MORVEN, Ga. — Small-town police departments across the country have been gobbling up tons of equipment discarded by a downsizing military — bicycles, bed sheets, bowling pins, French horns, dog collars, even a colonoscopy machine — regardless of whether the items are needed or will ever be used.
In the tiny farming community of Morven, Ga., the police chief has grabbed three boats, scuba gear, rescue rafts and a couple of dozen life preservers. The town’s deepest body of water: an ankle-deep creek.
An Associated Press investigation of the Defense Department program, originally aimed at helping local law enforcement fight terrorism and drug trafficking, found that a disproportionate share of the $4.2 billion worth of property distributed since 1990 has been obtained by police departments and sheriff’s offices in rural areas with few officers and little crime.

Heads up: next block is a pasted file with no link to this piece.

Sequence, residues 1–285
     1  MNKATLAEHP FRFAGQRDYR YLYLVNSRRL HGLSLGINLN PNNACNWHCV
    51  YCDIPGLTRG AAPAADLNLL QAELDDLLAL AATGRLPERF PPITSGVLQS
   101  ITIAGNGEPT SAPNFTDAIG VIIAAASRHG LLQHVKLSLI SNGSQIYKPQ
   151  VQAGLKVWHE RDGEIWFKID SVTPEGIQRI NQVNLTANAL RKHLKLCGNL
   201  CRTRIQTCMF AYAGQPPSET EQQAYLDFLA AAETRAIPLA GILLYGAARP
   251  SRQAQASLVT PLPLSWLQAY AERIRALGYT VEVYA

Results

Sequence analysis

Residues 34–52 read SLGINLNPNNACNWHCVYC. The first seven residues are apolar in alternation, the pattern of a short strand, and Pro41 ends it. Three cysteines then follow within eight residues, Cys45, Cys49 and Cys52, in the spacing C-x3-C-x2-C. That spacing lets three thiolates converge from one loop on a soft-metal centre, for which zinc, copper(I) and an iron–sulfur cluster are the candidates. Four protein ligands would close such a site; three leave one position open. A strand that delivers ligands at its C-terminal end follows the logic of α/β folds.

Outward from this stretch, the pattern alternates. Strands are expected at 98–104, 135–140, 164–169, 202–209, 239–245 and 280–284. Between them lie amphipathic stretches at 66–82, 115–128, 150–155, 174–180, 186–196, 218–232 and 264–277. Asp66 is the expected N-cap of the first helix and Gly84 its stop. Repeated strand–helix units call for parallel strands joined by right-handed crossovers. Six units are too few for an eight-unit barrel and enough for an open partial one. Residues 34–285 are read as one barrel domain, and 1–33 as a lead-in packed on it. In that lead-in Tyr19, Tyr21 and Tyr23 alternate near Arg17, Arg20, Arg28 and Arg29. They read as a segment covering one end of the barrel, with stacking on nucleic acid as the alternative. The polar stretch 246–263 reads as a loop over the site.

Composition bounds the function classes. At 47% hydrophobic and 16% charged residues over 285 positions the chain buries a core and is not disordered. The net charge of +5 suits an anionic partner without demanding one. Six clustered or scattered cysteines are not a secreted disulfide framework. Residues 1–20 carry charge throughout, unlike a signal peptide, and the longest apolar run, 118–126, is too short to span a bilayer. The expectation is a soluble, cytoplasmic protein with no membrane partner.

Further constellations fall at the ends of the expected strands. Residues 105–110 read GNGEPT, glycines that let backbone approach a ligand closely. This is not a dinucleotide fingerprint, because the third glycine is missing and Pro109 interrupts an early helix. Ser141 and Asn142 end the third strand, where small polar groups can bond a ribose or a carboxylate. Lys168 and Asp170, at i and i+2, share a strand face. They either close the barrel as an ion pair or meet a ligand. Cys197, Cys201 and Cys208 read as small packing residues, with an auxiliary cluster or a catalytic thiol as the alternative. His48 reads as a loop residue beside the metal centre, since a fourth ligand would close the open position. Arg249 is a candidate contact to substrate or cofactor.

The national giveaway program operates with scant oversight, and the surplus military gear often sits in storage, the AP found.
Using a series of public records requests, the AP obtained thousands of pages of emails and other documents related to the program locally and nationally. The documents, along with interviews with participants and regulators, reveal that staffing shortages and budget constraints have made it difficult for federal and state program officials to keep track of all of the property.
Requests for equipment are reviewed, but the process hasn’t stopped many overly aggressive departments from grabbing property that could be better used by other communities with a greater need.
For many, the opportunity to amass a vast array of gear with few strings attached has proven to be too tempting to pass up.
Morven Police Chief Lynwood Yates, for example, has acquired a decontamination machine originally worth $200,000 for his community of about 700 residents, and two additional full-time officers. The high-tech gadget is missing most of its parts and would need $100,000 of repairs.